He was a supporter of the strategy of area bombing against German civil population and he very much became a right-hand man for Harris throughout the remainder of the war. On behalf of Harris he selected 94 German towns which were "fitted" for carpet bombing and gave codenames to each of them known as 'Fish code'; for example Nuremberg was codenamed Grayling and Berlin was Whitebait. It is thought that he chose this coding because he was a keen fly fisherman.[8] He retired on medical grounds from the RAF on 22 March 1946.

He was awarded the Order of Leopold II with Palme and Croix de Guerre 1940 with Palme, Commander class for services in the liberation of Belgium.


He devoted much of his retirement to his role as Vice-Chairman, Council of Territorial and Auxiliary Forces Association, for which he was awarded his KCB. He had many hobbies, and wrote several books on differing subjects including his role in the RAF during the war (Air Bombardment, The Story of its Development, How the Bomber and the Missile Brought the Third Dimension to Warfare) and Steam Engines (Early British Steam 1825-1925 The First 100 Years). He lived at Burghclere in Hampshire where he died on 25 September 1971.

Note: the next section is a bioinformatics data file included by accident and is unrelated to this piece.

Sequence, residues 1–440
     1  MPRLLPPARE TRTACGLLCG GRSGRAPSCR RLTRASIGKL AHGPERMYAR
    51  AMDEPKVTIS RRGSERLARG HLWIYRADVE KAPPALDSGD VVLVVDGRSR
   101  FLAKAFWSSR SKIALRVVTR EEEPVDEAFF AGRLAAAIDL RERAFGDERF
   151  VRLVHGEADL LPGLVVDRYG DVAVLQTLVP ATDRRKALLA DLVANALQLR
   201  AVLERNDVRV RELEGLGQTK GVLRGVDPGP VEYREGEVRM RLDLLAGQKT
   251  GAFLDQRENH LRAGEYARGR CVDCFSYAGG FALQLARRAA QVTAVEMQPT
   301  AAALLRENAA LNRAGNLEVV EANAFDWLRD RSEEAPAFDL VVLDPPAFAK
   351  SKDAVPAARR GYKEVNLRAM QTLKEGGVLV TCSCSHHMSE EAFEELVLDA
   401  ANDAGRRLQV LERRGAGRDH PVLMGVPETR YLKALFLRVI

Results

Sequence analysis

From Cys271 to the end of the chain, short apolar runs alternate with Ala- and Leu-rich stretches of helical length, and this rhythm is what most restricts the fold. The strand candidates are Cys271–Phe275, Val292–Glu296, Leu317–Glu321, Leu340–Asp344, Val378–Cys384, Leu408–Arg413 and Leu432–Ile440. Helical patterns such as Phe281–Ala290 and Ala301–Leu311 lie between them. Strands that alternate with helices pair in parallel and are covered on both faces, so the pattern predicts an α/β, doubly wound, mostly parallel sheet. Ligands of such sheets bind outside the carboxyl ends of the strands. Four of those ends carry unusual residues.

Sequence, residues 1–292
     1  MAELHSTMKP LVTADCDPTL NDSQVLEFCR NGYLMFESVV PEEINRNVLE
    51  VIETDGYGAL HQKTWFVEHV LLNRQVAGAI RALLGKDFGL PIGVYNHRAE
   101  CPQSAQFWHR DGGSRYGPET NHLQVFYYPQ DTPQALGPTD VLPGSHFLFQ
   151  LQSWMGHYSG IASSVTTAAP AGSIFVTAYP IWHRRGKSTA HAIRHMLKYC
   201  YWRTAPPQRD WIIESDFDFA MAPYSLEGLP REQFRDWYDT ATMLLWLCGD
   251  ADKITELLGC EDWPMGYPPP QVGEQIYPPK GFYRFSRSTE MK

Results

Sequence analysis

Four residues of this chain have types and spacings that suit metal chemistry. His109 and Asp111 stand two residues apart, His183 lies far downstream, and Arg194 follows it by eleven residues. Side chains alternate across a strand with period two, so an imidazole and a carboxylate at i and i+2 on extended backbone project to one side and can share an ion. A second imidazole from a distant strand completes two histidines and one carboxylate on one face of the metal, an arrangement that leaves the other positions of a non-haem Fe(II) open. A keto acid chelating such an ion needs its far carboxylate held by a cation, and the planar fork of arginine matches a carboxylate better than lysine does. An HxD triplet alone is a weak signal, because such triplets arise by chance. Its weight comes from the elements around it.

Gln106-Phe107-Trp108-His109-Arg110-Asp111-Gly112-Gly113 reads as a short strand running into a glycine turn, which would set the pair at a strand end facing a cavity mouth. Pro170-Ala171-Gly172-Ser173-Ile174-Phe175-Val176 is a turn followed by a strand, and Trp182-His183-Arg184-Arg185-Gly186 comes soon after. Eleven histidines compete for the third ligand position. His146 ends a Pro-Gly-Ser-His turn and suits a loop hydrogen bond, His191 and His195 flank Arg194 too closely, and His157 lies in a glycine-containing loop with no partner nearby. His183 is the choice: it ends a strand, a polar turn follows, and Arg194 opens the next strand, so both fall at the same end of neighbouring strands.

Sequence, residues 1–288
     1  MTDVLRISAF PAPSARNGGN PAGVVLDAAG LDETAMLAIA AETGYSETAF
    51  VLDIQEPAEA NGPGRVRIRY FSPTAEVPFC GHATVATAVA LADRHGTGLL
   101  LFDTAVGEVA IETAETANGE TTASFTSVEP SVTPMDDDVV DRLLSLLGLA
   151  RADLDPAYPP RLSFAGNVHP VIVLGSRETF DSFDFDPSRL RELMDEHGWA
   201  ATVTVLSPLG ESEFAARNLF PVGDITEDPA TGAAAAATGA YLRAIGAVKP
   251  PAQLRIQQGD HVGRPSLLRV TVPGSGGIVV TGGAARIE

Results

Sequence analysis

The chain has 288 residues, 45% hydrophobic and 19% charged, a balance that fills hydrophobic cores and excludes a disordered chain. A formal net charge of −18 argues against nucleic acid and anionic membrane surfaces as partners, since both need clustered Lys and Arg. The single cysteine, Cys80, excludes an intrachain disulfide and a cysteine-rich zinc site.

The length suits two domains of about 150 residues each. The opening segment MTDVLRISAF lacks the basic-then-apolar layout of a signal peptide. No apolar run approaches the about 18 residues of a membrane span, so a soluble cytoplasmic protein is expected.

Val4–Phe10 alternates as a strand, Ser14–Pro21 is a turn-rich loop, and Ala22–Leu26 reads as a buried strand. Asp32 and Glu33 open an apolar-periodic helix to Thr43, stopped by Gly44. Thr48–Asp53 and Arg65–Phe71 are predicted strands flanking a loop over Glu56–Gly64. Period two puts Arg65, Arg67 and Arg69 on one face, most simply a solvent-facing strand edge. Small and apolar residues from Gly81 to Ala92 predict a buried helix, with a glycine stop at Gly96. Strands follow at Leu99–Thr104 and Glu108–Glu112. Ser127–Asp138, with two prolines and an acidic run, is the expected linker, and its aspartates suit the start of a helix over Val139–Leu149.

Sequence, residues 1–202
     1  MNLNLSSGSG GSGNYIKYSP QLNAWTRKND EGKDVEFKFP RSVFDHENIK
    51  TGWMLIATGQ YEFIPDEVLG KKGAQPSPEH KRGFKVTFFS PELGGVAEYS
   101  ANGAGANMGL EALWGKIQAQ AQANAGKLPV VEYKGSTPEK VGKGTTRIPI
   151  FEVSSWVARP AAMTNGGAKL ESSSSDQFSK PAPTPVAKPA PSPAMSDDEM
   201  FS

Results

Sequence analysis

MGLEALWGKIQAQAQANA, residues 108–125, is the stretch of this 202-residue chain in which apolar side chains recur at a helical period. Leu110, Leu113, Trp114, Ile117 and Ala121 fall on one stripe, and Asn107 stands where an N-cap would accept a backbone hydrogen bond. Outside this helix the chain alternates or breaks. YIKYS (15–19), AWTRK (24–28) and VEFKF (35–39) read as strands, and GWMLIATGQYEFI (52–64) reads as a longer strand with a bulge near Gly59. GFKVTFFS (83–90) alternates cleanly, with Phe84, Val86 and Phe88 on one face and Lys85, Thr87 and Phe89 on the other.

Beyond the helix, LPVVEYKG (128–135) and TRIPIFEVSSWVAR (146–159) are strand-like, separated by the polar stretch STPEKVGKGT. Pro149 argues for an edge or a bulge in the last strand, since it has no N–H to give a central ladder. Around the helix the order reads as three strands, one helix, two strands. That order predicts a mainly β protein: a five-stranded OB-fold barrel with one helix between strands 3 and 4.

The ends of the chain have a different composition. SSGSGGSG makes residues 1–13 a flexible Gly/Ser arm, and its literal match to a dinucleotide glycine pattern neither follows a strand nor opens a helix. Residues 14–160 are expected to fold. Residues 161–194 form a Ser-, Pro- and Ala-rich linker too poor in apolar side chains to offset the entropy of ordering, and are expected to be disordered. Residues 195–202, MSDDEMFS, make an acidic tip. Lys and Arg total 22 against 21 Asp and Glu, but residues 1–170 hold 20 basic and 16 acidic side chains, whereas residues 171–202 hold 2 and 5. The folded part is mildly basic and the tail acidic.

Honours and awards[edit]



  1. ^ a b Above the Trenches: A Complete Record of the Fighter Aces and Units of the British Empire Air Forces 1915-1920. p. 330. 
  2. ^ "Wings of Glory WW1 Airplane Packs Preview: Airco DH2". Ares Games. Retrieved 22 November 2012. 
  3. ^ a b Pusher Aces of World War 1. p. 39. 
  4. ^ Retrieved on 17 August 2010.
  5. ^ Pusher Aces of World War 1. p. 64. 
  6. ^ Pusher Aces of World War 1. pp. 83–84. 
  7. ^ Johnson Brian & Cozens H. I. Bombers The Weapon of Total War London Methuen 1984 ISBN 0-423-00630-4 p38
  8. ^ Falconer, Jonathon (1998). The Bomber Command Handbook 1939-1945. Stroud: Sutton Publishing Limited. ISBN 0-7509-1819-5.